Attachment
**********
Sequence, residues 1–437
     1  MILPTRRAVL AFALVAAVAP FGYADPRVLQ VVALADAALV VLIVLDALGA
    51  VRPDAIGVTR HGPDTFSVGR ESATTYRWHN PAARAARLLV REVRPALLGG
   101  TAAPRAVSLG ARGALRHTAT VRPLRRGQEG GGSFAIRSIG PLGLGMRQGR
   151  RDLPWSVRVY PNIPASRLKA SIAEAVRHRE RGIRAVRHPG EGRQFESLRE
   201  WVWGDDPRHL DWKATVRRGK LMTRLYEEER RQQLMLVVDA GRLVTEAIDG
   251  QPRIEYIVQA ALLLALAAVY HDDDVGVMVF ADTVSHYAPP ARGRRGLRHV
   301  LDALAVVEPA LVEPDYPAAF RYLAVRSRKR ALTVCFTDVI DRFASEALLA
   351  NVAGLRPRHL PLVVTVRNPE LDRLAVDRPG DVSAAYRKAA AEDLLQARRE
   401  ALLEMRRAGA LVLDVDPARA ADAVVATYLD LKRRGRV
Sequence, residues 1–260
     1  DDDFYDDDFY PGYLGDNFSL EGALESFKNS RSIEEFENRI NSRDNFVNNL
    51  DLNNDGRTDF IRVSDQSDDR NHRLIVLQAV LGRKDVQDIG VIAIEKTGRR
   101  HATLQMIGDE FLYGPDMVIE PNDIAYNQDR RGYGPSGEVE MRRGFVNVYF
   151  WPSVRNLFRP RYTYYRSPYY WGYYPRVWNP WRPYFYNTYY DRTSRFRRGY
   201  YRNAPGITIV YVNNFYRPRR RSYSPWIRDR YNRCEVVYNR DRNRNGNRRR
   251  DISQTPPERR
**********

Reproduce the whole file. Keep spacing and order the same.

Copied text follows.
Sequence, residues 1–437
     1  MILPTRRAVL AFALVAAVAP FGYADPRVLQ VVALADAALV VLIVLDALGA
    51  VRPDAIGVTR HGPDTFSVGR ESATTYRWHN PAARAARLLV REVRPALLGG
   101  TAAPRAVSLG ARGALRHTAT VRPLRRGQEG GGSFAIRSIG PLGLGMRQGR
   151  RDLPWSVRVY PNIPASRLKA SIAEAVRHRE RGIRAVRHPG EGRQFESLRE
   201  WVWGDDPRHL DWKATVRRGK LMTRLYEEER RQQLMLVVDA GRLVTEAIDG
   251  QPRIEYIVQA ALLLALAAVY HDDDVGVMVF ADTVSHYAPP ARGRRGLRHV
   301  LDALAVVEPA LVEPDYPAAF RYLAVRSRKR ALTVCFTDVI DRFASEALLA
   351  NVAGLRPRHL PLVVTVRNPE LDRLAVDRPG DVSAAYRKAA AEDLLQARRE
   401  ALLEMRRAGA LVLDVDPARA ADAVVATYLD LKRRGRV
Sequence, residues 1–260
     1  DDDFYDDDFY PGYLGDNFSL EGALESFKNS RSIEEFENRI NSRDNFVNNL
    51  DLNNDGRTDF IRVSDQSDDR NHRLIVLQAV LGRKDVQDIG VIAIEKTGRR
   101  HATLQMIGDE FLYGPDMVIE PNDIAYNQDR RGYGPSGEVE MRRGFVNVYF
   151  WPSVRNLFRP RYTYYRSPYY WGYYPRVWNP WRPYFYNTYY DRTSRFRRGY
   201  YRNAPGITIV YVNNFYRPRR RSYSPWIRDR YNRCEVVYNR DRNRNGNRRR
   251  DISQTPPERR